3. Tape It Off
Carefully mask around the edges of the repair area with two-inch-wide 3M ScotchBlue Multi-Surface Painter’s Tape No. 2090. Give yourself a 16th of an inch of unmasked margin around the scratch, gouge or hole. Also, mask off any adjacent areas or items to protect them from inadvertently applied gelcoat or errant sanding. Clean up the repair area again with acetone.
4. Mix the Gelcoat
After you have color-matched the amount of gelcoat needed for the repair, add catalyst (aka hardener). Different gelcoat resins require different catalysts, so make sure you are using the proper formula, as well as the right two-part ratio (e.g., four drops of catalyst per teaspoon of resin). Mix the two parts thoroughly with a stir stick to ensure that the entire batch will cure at the same time.
5. Apply Gelcoat
Use a small wood or plastic putty knife to spread the gelcoat smoothly over the repair. You should have about 10 to 15 minutes of working time after adding the catalyst before it starts to harden and is no longer fluid. Fill the repair slightly higher than the surrounding surface to allow for sanding. If you don’t plan to sand, make it even with the surrounding surface. Either way, spray it with a PVA curing agent.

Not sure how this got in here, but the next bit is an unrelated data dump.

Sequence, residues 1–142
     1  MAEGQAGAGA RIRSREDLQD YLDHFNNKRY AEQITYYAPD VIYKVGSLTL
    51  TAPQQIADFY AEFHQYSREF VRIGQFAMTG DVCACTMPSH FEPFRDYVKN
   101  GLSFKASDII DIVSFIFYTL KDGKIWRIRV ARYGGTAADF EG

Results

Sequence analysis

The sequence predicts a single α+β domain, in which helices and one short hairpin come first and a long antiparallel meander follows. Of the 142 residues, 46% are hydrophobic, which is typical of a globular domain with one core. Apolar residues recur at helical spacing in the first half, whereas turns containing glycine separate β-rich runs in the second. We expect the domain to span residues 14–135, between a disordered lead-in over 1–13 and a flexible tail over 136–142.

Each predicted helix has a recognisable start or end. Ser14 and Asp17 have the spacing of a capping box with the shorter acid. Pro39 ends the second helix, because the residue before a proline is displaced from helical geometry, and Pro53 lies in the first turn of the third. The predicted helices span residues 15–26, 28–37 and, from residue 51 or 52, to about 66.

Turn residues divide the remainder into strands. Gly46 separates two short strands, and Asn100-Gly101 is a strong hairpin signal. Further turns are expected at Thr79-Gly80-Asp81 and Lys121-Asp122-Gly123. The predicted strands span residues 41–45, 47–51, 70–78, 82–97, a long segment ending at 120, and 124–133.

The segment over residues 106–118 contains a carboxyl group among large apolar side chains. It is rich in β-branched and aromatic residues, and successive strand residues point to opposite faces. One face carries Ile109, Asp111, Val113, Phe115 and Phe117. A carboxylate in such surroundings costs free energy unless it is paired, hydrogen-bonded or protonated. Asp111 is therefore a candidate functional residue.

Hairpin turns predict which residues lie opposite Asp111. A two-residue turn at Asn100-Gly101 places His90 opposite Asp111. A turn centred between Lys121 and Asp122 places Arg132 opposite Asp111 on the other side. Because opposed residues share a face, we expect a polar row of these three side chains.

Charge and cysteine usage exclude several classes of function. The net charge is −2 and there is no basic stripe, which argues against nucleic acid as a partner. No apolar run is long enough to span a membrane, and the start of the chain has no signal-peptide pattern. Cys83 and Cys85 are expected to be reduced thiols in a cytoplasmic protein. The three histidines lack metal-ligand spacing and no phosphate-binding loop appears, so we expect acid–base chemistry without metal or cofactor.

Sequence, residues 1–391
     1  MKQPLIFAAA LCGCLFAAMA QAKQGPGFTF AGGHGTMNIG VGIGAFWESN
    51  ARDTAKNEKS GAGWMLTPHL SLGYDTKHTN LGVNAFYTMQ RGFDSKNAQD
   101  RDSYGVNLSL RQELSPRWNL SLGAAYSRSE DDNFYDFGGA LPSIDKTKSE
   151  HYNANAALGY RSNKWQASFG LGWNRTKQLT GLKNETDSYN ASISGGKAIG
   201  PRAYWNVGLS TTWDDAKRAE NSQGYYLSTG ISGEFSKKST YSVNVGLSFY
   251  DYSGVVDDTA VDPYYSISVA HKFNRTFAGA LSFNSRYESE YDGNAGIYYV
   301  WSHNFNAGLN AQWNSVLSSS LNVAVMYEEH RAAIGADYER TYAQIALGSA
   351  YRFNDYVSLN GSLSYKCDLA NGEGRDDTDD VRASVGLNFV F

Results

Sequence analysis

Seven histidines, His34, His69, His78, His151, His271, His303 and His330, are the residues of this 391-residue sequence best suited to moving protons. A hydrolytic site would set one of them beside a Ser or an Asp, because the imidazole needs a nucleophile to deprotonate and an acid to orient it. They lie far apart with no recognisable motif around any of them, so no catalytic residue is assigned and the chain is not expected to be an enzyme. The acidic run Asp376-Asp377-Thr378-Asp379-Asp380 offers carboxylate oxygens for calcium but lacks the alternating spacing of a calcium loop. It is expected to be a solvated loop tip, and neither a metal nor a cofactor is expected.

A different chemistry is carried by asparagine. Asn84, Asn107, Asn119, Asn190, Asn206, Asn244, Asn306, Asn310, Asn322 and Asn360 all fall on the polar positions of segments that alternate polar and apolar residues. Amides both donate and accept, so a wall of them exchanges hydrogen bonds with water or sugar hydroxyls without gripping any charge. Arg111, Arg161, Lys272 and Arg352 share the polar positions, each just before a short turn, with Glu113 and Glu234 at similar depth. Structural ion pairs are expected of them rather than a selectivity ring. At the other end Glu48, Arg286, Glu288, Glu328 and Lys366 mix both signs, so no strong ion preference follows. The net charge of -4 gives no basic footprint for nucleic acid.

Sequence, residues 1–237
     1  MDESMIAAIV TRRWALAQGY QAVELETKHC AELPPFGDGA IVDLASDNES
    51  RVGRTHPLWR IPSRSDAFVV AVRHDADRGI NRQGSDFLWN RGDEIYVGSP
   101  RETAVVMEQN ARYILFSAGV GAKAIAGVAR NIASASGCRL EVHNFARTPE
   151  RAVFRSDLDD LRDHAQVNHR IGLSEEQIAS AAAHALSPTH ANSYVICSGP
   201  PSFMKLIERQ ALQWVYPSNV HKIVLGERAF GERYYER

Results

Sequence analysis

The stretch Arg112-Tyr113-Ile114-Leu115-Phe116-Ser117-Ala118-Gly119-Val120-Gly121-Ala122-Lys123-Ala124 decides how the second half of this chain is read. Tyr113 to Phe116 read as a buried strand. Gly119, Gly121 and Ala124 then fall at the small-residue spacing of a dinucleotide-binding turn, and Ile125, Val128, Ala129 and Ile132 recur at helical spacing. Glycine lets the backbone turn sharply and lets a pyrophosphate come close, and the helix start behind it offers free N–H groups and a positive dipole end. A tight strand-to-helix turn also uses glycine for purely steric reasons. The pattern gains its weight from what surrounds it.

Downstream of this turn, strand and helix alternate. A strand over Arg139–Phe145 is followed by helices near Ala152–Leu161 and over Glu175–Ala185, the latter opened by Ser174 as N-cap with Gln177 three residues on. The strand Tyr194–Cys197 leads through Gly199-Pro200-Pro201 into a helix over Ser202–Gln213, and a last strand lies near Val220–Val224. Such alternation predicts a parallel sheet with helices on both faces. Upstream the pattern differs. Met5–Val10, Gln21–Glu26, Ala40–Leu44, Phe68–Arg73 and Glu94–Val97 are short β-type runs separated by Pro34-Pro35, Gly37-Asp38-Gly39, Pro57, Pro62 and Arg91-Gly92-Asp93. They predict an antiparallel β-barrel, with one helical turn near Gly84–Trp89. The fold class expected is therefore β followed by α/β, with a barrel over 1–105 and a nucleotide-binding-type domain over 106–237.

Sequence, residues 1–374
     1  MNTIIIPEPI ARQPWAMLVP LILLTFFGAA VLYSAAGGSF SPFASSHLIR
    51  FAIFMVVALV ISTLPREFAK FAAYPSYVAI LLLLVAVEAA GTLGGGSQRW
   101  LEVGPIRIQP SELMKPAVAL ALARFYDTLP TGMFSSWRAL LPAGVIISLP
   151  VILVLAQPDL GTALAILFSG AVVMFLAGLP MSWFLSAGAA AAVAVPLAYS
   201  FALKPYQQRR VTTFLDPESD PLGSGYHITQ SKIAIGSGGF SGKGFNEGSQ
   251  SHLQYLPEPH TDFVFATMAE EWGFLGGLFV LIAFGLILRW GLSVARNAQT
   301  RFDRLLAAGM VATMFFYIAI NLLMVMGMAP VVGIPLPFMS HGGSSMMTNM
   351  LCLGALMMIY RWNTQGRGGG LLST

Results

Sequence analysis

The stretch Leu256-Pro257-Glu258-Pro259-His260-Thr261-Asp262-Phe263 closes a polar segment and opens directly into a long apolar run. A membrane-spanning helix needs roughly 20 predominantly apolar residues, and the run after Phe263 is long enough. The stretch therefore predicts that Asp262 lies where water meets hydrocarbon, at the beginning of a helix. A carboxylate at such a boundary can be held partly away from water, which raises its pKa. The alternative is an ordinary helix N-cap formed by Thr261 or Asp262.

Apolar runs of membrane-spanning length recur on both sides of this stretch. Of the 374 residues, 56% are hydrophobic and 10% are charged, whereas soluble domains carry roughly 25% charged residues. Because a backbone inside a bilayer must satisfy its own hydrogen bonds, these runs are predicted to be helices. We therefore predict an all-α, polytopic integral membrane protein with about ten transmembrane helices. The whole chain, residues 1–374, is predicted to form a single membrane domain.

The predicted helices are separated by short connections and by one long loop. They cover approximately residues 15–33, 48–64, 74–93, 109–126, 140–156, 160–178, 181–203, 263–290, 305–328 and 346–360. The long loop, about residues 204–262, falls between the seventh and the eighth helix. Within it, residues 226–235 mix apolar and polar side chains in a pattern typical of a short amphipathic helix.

6. Sand It Out
Peel off the PVA. Wet-sand the cured gelcoat with 320-grit wet/dry paper on a soft sanding block. Confining work to the immediate repair area, continue wet-sanding with 600-grit paper until nearly even with surrounding gelcoat. Finish wet-sanding with 1,000-grit paper; then buff out with rubbing compound followed by a coat of wax. If not sanding, just peel off the PVA and apply wax.
You’ll need to fill deep gouges with resin and filler before applying finish. Epoxy resin and fillers adhere better than polyester products but cost more and require several extra steps prior to applying the finish color of either gelcoat or paint. If you choose paint, topside alkyd enamels, polyurethanes and others are available from Interlux (yachtpaint.com) and Pettit (pettitpaint.com).